FIG. 3 illustrates potential levels for driving liquid crystals by an alternating current signal. In FIG. 3, the common electrode potential for the liquid crystals is not a ground potential, but is a potential setoff from ground as shown by the broken line 20. Therefore, a display unit using such a signal has a circuit diagram which is somewhat different from the circuit diagram of FIG. 1. Note that the common electrode potential 20 is substantially equal to the value of Vmax2 of FIG. 2. In FIG. 3, a video signal appears as a pair of generally symmetrical waveforms 21, 22 on both sides of the central common electrode potential 20. The waveform of FIG. 1 is symmetrically inverted in the known manner in the signal generating unit 4 or data drive circuit 3 to produce the signals of FIG. 3 when using an AC picture element drive. The waveforms are alternately furnished to each picture element at regular intervals in order to drive the liquid crystals by an alternating current signal. Accordingly, the video signal output has a maximum amplitude of Vmax3 which is a voltage approximately twice as large as that shown in FIG. 2. As seen in FIG. 3, the voltage for driving a display by AC is approximately twice as much as the voltage for DC drive as shown by the value VG 3.
The use of double the operating voltage in an AC circuit imposes more stringent requirements on the circuit components to withstand these voltages, more stringent provisions against leakage current, and other aspects of the circuit design are affected. The higher voltage increases the power consumption of the system. Simple calculations indicate that the requirement for electrical power is four times as great in the AC system as described above than in the DC system.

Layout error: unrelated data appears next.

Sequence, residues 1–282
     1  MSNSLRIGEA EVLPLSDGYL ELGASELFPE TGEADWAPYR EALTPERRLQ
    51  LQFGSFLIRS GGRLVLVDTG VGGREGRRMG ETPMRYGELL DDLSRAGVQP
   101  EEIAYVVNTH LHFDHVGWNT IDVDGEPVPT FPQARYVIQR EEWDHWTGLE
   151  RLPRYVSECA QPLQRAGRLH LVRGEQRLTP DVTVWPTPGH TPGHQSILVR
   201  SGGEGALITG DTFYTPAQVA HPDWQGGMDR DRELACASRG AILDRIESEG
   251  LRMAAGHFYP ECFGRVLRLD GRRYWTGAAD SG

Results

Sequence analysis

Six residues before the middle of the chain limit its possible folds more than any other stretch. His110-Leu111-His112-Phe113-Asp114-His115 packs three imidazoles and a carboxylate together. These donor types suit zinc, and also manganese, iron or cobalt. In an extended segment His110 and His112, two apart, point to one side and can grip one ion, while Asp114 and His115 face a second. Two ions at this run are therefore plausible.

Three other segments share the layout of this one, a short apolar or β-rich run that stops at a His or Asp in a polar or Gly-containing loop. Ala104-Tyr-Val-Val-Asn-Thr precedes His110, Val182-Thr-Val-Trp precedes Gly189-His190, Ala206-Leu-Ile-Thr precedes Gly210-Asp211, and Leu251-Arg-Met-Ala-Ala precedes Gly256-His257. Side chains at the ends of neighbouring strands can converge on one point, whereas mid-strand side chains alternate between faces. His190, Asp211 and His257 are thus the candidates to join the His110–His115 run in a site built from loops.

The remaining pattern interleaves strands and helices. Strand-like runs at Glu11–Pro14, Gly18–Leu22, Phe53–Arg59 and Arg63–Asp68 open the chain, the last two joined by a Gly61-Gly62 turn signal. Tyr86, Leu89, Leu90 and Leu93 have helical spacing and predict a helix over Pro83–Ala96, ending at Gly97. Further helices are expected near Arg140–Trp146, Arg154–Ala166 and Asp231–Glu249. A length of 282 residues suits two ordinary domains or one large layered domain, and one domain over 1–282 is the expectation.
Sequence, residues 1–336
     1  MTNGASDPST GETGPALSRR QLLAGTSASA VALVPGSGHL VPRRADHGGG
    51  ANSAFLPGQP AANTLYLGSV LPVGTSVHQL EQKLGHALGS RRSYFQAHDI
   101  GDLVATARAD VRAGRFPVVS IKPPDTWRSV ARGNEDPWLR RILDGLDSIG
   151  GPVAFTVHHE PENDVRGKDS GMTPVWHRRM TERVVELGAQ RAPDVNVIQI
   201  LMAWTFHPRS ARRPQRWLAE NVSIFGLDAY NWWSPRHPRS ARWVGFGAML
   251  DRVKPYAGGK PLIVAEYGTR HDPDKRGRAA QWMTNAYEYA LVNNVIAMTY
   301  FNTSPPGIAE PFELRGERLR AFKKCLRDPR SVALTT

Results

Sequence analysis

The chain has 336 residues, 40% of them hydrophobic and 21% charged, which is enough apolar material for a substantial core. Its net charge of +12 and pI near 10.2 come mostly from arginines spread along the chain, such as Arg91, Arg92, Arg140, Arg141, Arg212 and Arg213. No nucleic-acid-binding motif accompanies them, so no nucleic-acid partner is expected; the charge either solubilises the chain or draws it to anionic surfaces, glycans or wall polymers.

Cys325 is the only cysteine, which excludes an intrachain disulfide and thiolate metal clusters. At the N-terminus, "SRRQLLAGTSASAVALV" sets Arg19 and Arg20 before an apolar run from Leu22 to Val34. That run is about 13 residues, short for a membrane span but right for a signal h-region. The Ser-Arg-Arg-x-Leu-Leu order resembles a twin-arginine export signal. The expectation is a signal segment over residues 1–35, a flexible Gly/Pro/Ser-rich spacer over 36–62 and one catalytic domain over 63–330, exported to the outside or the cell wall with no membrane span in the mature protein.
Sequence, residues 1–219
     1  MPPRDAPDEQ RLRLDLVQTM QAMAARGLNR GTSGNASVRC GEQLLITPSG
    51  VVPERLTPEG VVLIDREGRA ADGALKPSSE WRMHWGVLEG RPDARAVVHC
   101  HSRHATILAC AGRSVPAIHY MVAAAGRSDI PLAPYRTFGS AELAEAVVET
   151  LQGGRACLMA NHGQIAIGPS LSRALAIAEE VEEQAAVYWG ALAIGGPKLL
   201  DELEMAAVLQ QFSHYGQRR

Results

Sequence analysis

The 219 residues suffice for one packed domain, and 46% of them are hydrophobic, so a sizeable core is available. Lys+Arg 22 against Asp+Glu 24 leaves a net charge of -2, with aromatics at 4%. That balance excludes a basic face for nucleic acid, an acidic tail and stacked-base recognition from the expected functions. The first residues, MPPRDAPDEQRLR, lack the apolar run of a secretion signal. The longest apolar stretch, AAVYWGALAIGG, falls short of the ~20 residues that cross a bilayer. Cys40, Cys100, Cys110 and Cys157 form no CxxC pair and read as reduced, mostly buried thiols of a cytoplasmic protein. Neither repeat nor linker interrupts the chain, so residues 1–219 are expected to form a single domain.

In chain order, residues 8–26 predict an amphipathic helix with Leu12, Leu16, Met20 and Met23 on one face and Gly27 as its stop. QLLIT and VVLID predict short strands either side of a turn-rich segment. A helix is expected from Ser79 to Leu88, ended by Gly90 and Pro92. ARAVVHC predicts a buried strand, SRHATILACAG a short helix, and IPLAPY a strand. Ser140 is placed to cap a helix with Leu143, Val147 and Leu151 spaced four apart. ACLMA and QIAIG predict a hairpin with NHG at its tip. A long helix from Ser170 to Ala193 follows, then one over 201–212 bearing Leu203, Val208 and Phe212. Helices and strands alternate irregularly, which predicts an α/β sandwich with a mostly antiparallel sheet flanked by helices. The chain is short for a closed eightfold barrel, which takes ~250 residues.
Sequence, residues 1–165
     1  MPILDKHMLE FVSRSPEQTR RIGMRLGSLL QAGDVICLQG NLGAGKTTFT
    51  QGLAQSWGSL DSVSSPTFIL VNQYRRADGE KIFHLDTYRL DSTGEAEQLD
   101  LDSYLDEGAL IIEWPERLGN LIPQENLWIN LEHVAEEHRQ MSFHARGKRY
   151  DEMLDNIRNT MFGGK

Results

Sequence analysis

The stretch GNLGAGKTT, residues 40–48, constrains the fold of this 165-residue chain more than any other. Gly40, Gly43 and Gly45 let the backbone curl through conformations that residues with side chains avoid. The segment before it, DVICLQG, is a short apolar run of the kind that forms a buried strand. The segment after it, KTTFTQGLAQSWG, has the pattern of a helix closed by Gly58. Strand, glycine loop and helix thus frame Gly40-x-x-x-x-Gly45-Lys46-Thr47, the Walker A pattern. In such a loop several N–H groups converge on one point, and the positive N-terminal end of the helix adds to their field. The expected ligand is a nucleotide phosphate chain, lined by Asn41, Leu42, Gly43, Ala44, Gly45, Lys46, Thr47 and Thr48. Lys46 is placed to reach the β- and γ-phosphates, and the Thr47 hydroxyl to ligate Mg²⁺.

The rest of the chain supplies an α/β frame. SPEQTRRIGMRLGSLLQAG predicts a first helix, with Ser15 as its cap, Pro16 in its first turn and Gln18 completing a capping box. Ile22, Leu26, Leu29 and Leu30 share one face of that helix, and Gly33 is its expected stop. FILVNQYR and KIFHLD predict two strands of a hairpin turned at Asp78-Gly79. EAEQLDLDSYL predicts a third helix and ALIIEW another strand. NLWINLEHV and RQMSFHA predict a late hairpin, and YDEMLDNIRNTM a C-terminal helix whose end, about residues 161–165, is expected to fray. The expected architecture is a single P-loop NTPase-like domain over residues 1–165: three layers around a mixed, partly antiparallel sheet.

In view of the drawbacks of the conventional system as described above, the advantage of a liquid crystal display circuit in accordance with this invention is apparent. In accordance with this invention, the matrix display operates on an alternating current using an operating voltage which is equal to that which is required for a conventional DC drive. Thus, the advantages of an AC drive are achieved using the lower voltage of a DC system.
In a conventional system, in order to invert the polarity of signals applied to electrodes of a liquid crystal display system and enable driving by alternating current while using a voltage level equal to the voltage level required for DC drive, it is necessary that the electrodes positioned on the opposite side of the liquid crystals from the element electrodes should also be provided as individual separate electrodes for each picture element. That is, the opposite electrodes cannot be joined or define a common electrode for the entire screen as described above.
Thus, heretofore, in a system in which one of the sets of electrodes between which the liquid crystals are disposed defines a common electrode for the entire screen, either a direct current signal or an AC signal with twice the voltage was required.
The liquid crystal display circuit in accordance with this invention achieves an AC drive using a range of voltages hitherto employed for DC drive. This is accomplished by modifying the circuitry and without separating the common electrode of the picture elements, one by one or by rows. A superior display system is provided which eliminates the drawbacks of the previously described system. FIG. 4 shows an exemplary circuit of a matrix display unit in a liquid crystal display system in accordance with this invention.